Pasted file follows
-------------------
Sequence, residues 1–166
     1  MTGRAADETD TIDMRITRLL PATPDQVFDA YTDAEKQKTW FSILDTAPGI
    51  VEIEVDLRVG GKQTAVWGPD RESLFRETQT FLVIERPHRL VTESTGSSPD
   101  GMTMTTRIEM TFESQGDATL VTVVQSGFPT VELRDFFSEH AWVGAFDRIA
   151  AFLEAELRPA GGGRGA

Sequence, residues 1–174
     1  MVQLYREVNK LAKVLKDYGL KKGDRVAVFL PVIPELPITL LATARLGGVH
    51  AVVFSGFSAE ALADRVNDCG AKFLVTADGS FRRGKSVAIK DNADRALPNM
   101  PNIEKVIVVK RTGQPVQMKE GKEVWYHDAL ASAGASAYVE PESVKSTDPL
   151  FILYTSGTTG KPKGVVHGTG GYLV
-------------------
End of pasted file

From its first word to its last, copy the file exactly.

Sequence, residues 1–166
     1  MTGRAADETD TIDMRITRLL PATPDQVFDA YTDAEKQKTW FSILDTAPGI
    51  VEIEVDLRVG GKQTAVWGPD RESLFRETQT FLVIERPHRL VTESTGSSPD
   101  GMTMTTRIEM TFESQGDATL VTVVQSGFPT VELRDFFSEH AWVGAFDRIA
   151  AFLEAELRPA GGGRGA

Sequence, residues 1–174
     1  MVQLYREVNK LAKVLKDYGL KKGDRVAVFL PVIPELPITL LATARLGGVH
    51  AVVFSGFSAE ALADRVNDCG AKFLVTADGS FRRGKSVAIK DNADRALPNM
   101  PNIEKVIVVK RTGQPVQMKE GKEVWYHDAL ASAGASAYVE PESVKSTDPL
   151  FILYTSGTTG KPKGVVHGTG GYLV